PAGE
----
Students in hybrid classrooms outperformed their peers in traditional classes in all grades and subjects, according to the newest study from two organizations that work with schools in establishing hybrid instruction. According to the 2013-2014 “Hybrid Learning Program Results,” from Hybrid Learning Institute and Dellicker Strategies, more than nine out of 10 schools using a hybrid learning program reported higher academic performance on standardized tests compared to traditional classrooms in the same school district or state benchmarks.
Made up of a group of teachers, administrators and subject matter experts, the Institute helps educators use personalized learning tools and techniques to improve academic performance. Last year, it worked with more than 8,000 students. Dellicker is the institute’s lead consultant.
The work, which started in Pennsylvania and has since expanded to other states, focuses on building an inter-district support infrastructure to help schools plan, launch and deliver hybrid instruction and pursue continuous improvement based on data analysis.
The hybrid learning model combines direct teacher instruction, group activities and self-instruction through digital content and has six “defining characteristics”:
- The use of a blended classroom system;
- Students rotate among different learning stations;
- Instruction is delivered in small groups;
- Students take frequent digital assessments;
- Educators use student information to differentiate instruction; and
- The personalized learning is considered “cost-effective.”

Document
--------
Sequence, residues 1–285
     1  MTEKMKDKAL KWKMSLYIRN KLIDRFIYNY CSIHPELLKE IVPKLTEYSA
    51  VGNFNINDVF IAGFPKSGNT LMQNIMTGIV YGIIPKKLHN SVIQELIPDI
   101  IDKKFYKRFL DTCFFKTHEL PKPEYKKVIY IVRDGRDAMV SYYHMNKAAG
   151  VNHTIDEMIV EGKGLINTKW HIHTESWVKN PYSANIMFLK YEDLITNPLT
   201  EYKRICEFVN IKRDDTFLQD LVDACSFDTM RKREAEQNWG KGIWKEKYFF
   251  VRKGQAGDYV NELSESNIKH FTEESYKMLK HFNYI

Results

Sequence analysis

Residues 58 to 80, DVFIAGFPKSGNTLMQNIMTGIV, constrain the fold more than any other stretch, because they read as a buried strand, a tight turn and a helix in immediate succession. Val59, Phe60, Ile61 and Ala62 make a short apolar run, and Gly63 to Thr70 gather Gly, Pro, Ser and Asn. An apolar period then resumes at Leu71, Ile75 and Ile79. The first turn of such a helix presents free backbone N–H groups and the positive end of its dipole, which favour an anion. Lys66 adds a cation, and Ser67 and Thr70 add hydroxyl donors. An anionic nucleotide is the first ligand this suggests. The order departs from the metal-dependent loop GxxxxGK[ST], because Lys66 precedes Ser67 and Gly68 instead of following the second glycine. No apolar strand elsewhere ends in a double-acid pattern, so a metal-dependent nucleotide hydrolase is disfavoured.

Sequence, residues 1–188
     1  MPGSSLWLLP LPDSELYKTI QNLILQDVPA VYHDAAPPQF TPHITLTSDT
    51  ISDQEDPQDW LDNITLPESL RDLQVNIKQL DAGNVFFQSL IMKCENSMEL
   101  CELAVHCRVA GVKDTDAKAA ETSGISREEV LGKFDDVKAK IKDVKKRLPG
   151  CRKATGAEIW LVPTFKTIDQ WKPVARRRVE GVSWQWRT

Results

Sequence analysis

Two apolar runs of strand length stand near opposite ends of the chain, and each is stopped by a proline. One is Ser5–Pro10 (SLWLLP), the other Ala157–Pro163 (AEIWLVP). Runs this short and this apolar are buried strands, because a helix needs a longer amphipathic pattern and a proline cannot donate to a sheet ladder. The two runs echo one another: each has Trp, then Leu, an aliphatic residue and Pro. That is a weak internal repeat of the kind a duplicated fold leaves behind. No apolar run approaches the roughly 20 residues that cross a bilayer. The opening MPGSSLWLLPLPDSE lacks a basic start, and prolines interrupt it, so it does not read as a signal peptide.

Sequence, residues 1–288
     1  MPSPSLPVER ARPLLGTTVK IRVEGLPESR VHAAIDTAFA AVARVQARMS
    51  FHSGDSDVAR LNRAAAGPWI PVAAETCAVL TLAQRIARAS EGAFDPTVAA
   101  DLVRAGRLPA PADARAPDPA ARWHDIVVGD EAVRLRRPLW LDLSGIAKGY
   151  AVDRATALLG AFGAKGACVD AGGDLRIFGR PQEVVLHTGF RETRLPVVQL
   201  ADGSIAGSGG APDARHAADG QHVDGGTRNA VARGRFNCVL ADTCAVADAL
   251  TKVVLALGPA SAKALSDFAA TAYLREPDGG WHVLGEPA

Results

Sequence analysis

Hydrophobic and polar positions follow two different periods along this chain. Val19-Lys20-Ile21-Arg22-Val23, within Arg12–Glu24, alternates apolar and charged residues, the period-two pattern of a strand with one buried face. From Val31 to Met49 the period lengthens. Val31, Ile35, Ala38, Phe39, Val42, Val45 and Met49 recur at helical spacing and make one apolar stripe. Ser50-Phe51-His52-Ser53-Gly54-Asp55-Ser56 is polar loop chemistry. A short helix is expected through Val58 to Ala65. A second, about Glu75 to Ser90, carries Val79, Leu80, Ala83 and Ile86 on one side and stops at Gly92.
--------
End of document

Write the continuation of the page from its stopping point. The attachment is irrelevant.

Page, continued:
The results come out of those classes where students either took the Pennsylvania System of School Assessment (PSSA) tests or Keystone Exams to measure academic achievement. Seven districts representing 14 schools were able to compare standardized test results between students in the hybrid classrooms and those in non-hybrid classrooms.
Reflecting the emphasis on continuous improvement, the report noted that students at a hybrid-dedicated school, Spring City Elementary Hybrid Learning School (PA), scored proficient or advanced on PSSA tests at a rate 23 percent higher than the previous year with gains in all subjects: reading (up 20 percent), math (up 24 percent) and science (up 27 percent).
The cost of implementing hybrid learning through the Institute’s model could be considered modest. During the 2013-2014 school year, according to the report, the schools spent an average of $220 per student (not including computing devices) to transform their learning models.
Read the entire article by Dian Schaffhauser on THE Journal at http://thejournal.com/articles/2014/12/18/hybrid-classes-outlearn-traditional-classes.aspx